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Hoffmann, R. A wiki for the life sciences where authorship matters. Nature Genetics (2008)

Distinct thymidine kinases encoded by cowpox virus and herpes simplex virus contribute significantly to the differential antiviral activity of nucleoside analogs.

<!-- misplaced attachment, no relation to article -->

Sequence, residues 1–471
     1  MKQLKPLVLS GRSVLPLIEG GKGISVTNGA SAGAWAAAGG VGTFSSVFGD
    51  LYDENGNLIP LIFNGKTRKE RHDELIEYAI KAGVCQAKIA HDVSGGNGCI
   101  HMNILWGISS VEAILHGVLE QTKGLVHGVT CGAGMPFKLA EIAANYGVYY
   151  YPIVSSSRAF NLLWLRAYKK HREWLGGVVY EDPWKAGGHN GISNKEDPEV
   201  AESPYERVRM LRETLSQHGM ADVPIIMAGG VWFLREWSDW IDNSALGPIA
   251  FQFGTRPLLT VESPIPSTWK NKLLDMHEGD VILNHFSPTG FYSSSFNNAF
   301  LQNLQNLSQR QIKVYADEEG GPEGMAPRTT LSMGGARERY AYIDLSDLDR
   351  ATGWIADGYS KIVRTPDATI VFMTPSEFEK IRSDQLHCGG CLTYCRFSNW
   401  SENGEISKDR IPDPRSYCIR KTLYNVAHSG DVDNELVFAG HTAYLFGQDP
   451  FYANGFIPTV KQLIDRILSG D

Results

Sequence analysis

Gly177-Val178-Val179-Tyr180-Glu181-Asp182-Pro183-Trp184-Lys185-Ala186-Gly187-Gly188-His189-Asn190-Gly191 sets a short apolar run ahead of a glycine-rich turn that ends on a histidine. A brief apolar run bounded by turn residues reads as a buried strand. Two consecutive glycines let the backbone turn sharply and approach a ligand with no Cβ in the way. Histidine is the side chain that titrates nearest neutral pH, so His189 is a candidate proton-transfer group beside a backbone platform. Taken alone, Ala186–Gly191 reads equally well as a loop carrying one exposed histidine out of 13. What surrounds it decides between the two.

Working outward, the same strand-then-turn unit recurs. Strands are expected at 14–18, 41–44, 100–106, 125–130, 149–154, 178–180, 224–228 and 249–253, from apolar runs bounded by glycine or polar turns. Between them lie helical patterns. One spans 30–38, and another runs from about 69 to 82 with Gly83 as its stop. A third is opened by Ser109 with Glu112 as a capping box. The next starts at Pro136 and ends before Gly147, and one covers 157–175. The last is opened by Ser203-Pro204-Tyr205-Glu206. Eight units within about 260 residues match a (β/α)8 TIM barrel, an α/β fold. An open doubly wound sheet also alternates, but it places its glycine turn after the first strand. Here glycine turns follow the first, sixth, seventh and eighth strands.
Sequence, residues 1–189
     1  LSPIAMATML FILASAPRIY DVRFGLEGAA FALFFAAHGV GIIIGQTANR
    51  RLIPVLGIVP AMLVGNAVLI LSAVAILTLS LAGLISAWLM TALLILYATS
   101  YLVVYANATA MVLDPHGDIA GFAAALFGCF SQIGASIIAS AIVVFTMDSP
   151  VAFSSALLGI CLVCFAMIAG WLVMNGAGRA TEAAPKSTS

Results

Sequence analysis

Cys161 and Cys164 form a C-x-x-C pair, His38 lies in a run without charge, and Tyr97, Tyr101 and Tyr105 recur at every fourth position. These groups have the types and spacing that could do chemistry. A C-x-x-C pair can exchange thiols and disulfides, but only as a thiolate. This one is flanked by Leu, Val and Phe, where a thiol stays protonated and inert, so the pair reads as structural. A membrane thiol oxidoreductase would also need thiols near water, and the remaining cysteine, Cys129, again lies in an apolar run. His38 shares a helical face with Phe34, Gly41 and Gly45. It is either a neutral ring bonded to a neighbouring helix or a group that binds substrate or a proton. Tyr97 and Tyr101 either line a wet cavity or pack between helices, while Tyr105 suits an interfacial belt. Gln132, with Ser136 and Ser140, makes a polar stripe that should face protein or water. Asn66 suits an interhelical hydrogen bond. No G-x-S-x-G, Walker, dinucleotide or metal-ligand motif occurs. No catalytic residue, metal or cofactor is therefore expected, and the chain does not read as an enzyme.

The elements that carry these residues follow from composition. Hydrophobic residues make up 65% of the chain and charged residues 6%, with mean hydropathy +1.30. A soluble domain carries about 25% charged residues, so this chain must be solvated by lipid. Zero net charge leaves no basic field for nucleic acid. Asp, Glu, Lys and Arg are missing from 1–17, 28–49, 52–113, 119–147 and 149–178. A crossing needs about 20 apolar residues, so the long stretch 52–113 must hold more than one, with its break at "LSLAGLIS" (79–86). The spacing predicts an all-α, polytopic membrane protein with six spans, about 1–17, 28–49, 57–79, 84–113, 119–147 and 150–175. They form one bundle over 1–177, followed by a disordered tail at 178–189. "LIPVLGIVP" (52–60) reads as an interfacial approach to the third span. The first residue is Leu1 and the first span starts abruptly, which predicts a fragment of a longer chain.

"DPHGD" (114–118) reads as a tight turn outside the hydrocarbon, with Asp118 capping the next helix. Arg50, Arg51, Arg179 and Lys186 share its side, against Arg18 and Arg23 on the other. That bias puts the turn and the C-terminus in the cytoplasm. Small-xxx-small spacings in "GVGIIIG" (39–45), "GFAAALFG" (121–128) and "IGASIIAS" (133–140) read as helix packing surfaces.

Orthopoxviruses and herpesviruses are both large enveloped DNA viruses, yet these virus families exhibit very different susceptibilities to antiviral drugs. We investigated the activation of nucleoside analogs by the types I and II thymidine kinase ( TK) homologs expressed by herpes simplex virus type 1 (HSV-1) and cowpox virus (CV). Antiviral activity against TK(-) and TK(+) strains of HSV-1 and CV was determined, and the ratio of the EC(50) values was used as a measurement of TK dependence. As to HSV-1, most of the selected compounds were markedly less effective against the TK(-) strains, suggesting that this enzyme was required for the activation of these nucleoside analogs. This differs from the results for CV where only idoxuridine and bromodeoxyuridine appeared to be activated, putatively by the type II TK expressed by this virus. These data confirm that the type II TK encoded by CV exhibits a more limited substrate specificity than the type I TK encoded by HSV-1. These data suggest that the inefficient activation of nucleoside analogs by the orthopoxvirus TK significantly limits their activity. Additional screening against orthopoxviruses will be required to identify nucleoside analogs that are efficiently activated by their type II TK.[1]


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